Namibia: Managing TB Care During COVID-19

(file photo).

LAST week Joseph Leonard was called in by a nurse at a clinic in Windhoek for a regular check-up.

The 31-year-old tuberculosis (TB) survivor, who was diagnosed with the disease in April last year, had been on treatment for the pulmonary disease for seven months.

He describes it as the most difficult time of his life.

"I used to feel dizzy at times and I had cold spells. I always woke up feeling hot and wet (sweating), and when I went to the TB centre they diagonised me with the disease last year," he says.

He, however, has not shown any symptoms of TB since his recovery in November last year. Despite this good news, health professionals raised another concern - nurses had explained to him that a new infectious disease, the novel coronavirus (Covid-19), was especially dangerous to someone with pre-existing health issues such as TB.

"They are checking up on us to make sure we are taking care," he says.

Apart from having to deal with longstanding health conditions like TB, Covid-19 has presented the healthcare system with more challenges.

However, optimistic Leonard believes he will be brave to face Covid-19, should he ever get the infection. He is taking care of himself well, seeing that he is someone with an already vulnerable respiratory system.

"I am aware that it is really a dangerous virus, Covid-19 can be more dangerous than TB," he acknowledged.

"I am not suspecting any symptoms of TB," he says, "But I am not scared of the coronavirus because they [doctors] gave me courage to take care of myself, so even if I get infected, I have to rely on the same courage I had during the treatment of my TB," he added.

One week before he was diagnosed with tuberculosis, Leonard experienced aggressive and heavy coughing.

He says his experience with TB was traumatising and he barely believes he was the same person he was months ago.

COVID-19 EFFECT ON TB CARE

According to the World Health Organisation (WHO) The symptoms of TB and Covid-19 are, however, similar.

TB is caused by bacteria (mycobacterium tuberculosis) that most often affect the lungs. Tuberculosis is curable and preventable. Unlike Covid-19, TB spreads from person to person through the air.

Between 2020 and 2025 an additional 1,4 million TB deaths could be registered as direct consequence of the Covid-19 pandemic.

Modelling work by the WHO suggests that if the Covid-19 pandemic led to a global reduction of 25% in expected TB detection for about three months - a realistic possibility given the levels of disruption in TB services being observed in multiple countries - could lead to a 13% increase in TB deaths. In Namibia, TB cases are expected to rise to 8 000 or 9 000 by the end of 2020, according to the head of the national TB programme at the ministry, Albertina Thomas.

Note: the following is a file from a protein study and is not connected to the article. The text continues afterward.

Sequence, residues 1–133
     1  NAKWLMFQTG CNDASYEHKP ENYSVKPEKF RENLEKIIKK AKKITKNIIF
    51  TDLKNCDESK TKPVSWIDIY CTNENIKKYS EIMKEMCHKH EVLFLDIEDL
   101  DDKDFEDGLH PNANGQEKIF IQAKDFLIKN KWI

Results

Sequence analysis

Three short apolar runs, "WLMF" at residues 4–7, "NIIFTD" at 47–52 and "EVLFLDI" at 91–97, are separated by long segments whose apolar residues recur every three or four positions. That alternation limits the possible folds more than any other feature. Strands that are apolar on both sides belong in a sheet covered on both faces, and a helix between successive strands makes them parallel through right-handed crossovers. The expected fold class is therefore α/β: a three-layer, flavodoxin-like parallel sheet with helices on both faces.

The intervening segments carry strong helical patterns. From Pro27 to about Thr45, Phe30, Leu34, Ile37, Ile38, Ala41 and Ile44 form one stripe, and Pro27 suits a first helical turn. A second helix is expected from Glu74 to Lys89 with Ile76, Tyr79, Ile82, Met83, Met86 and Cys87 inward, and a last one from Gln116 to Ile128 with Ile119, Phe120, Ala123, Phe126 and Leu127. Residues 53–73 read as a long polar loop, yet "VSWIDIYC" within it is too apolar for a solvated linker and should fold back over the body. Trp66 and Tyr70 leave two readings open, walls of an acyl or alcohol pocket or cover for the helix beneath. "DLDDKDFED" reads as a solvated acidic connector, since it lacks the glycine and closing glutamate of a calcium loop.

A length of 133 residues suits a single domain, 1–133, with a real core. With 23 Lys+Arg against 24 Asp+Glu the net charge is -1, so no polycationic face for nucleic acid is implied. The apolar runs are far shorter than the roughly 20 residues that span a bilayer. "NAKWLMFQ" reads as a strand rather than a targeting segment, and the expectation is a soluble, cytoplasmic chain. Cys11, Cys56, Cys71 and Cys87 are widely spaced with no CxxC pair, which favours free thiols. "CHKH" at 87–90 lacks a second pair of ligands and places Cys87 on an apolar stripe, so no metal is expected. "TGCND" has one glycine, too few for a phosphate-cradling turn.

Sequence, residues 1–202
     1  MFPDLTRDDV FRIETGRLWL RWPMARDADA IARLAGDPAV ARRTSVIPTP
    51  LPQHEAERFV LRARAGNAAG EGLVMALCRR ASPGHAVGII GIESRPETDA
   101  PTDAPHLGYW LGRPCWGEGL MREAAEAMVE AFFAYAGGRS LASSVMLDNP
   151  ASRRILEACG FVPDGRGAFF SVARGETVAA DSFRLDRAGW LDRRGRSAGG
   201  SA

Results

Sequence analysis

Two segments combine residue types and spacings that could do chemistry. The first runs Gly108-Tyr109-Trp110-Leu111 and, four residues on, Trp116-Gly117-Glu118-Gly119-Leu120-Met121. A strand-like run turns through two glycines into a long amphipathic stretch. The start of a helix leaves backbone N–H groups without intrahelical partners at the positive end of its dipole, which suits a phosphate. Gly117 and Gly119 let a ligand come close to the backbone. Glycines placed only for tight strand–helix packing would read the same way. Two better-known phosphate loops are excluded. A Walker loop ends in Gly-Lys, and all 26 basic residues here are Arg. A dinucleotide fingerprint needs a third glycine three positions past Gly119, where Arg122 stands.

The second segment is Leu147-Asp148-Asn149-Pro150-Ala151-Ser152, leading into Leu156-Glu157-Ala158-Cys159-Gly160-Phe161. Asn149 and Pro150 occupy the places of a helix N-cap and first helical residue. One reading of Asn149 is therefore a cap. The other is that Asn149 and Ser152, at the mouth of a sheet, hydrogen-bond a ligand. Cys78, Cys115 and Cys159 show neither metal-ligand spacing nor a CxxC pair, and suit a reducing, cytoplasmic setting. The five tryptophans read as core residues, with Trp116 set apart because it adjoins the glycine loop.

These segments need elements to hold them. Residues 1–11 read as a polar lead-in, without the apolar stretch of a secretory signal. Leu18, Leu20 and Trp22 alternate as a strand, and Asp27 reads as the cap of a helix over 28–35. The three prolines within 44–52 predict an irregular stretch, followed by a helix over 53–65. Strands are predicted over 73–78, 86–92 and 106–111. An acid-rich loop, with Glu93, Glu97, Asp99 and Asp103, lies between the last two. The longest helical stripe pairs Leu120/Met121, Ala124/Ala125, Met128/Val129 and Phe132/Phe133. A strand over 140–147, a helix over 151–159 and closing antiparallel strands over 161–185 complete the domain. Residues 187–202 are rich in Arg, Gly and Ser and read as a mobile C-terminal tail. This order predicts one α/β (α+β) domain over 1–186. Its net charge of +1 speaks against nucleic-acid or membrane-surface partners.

Namibia recorded 1 992 TB cases from January to March this year. Thomas said the country is likely to report about 2 000 TB cases by the end of June.

She noted that TB patients are prone to contracting Covid-19, which has spurred the ministry to set up strategies to mitigate the spread of Covid-19 to this risk group.

STIGMA

It is said that stigma and fear around communicable diseases such as TB hinder the public health response.

In addition, the World Health Organisation says Covid-19 has provoked social stigma and discriminatory behaviour against people of certain ethnic backgrounds as well as anyone perceived to have been in contact with the virus.

CAN TB AND COVID-19 BE TESTED ON THE SAME TYPE OF SPECIMEN?

The World Health Organisation says diagnostic methods for TB and Covid-19 are distinct and individuals being evaluated for both conditions need specimens which are commonly different.

Sputum, and other biological specimens, can be used to diagnose TB using culture or molecular techniques. The most common form of tests for Covid-19 are by nasopharyngeal or oropharyngeal swab or wash in ambulatory patients. However, WHO says sputum or endotracheal aspirate or bronchoalveolar lavage may be used in patients with severe respiratory disease such as TB.

WHO ADVICE FOR HEALTH AUTHORITIES FOR TB CARE

Some guidelines from the health organisation to ensure sustained continued TB care throughout the pandemic include the following:

- All measures should be taken to ensure continuity of services for people who need preventive and curative treatment for TB.

- Preventive measures must be put in place to limit transmission of TB and Covid-19.

- Accurate diagnostic tests are needed for both TB and Covid-19.

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